Although most Japanese readers will know almost instantly what you are talking about if you say 'onmyouji' or 'onmyoudou' to them, many Westerners do not have any concept of it. Despite the fact that concepts related to or derived from onmyoudou practices are a part of their entertainment...and sometimes even onmyouji themselves may be involved...they are totally unknowing of what it is, or even that they are watching it.
Then again, many who live in Japan and have grown up surrounded by onmyoudou practices and the legends of onmyouji do not actively practice any of its concepts and simply view it as an entertaining legend. It serves its purpose to them in entertainment and, to some, in the practices carried on in Shinto and ritual Buddhism that were inspired over the years by onmyoudou and assimilated into those other religions.
So perhaps the most appropriate question for a beginner in the field of actual onmyoudou would be, 'what is onmyoudou?'
The simple answer is that it is a spiritual path that incorporates many practices into a way of finding personal balance and applying it to one's world.
The more complex answer begins with an examination of the beginnings of onmyoudou and its history. Although history can only be definitively known by those who experienced it as current events, recorded history can be useful to us as a foundation of thought. We may think of it as a foothold, however precarious, amid a storm blowing around us.
It is thought that onmyoudou had its beginnings somewhere around the sixth or seventh century CE. Using methods prevalent in Taoist practices brought over by Buddhist monks, the way of thought incorporating the yin-yang balance and balance through five elements began to catch on gradually. Over the years it was refined to incorporate various elements of what was then cutting-edge technology in order to extend their practices to reading the stars for divination. Onmyouji used principles similar to modern-day feng shui in order to find auspicious positioning for buildings, especially those of state, and they were also often consulted in matters of the supernatural such as hauntings, possessions, and curses.
Onmyouji were thought to deal regularly with forces beyond most humans' comprehension, so it was only logical that they would be able to defend against those same forces. Most even kept a magical servant called a 'shikigami', although some kept more than one, similar to what modern-day Witches call a 'familiar'. It was not unheard of for onmyouji to act in more than one capacity by sending out their shikigami to resolve one aspect of a problem while the onmyouji himself resolved another.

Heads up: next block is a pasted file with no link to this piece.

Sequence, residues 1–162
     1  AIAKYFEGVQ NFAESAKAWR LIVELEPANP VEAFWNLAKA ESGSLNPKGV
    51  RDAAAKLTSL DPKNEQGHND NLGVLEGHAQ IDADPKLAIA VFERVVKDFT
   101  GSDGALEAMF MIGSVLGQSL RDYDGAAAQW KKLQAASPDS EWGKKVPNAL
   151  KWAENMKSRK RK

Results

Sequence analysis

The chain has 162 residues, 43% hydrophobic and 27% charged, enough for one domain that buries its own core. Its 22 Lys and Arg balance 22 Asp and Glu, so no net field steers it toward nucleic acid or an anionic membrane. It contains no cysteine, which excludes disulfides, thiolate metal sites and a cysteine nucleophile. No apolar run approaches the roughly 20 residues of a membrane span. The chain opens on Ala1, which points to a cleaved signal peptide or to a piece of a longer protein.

During perhaps the strongest period of onmyoudou, the famous Abe-no-Seimei brought the title of 'onmyouji' great reputation and widespread fame. Said to be the product of a marriage between a kitsune...or magical fox being...and a human, Abe-no-Seimei was a plainly-spoken man with great power. He quickly became essential to the ruling families and was said to have had many great adventures, and at least twelve shikigami...truly no small feat!
However, after its heyday, gradually onmyoudou came to have its practices assimilated more and more by ritual Buddhism and especially Shinto. Eventually, some sources indicate, the Muromachi period saw closure of the schools formally teaching onmyoudou and the royal affiliation with onmyouji. Many crucial documents and recordings of onmyoudou practices were lost during this period, either destroyed or stolen. Precious little remains in terms of official documentation that might have been otherwise preserved, and for a period onmyoudou was even frowned upon and perhaps outlawed, which was undone during the Meiji restoration. However, by this time there was little left of the glorious golden age of onmyoudou, and the few who still practiced it and preserved this tradition were few and far between indeed.
Nonetheless, the romantic ideal of onmyoudou persisted on, especially in the legends of the beloved Abe-no-Seimei, regarded by many as one of the greatest (if not the greatest) onmyouji of all. It is through his adventures that many came to know about onmyoudou and onmyouji, and indeed the name Abe-no-Seimei is recognized by most Japanese adults and many Japanese children, so well-known is he!
Even outside of Buddhist and Shinto practices inspired by onmyoudou, in popular culture the romantic concept of onmyouji lives on as youths in animated series call upon game cards that come to life and do their bidding just like an onmyouji would a shikigami in days past. So even if they have been unable to put a label upon it, they know the concept as they had been born into it!
Although in recent years there has been something of a revival of interest in onmyoudou and onmyouji, chiefly through the works of talented authors and artists, there has surprisingly not been much in the way of revival of studies of the onmyouji. Perhaps this is due to much of it existing on in aspects of other beliefs, and since the Japanese as a people consider themselves generally non-religious this may be sufficient for many of them. But to those in Japan and abroad who feel the desire within themselves to engage as they can in this beautiful tradition, each in his or her own way, then it is for them that I compose this.
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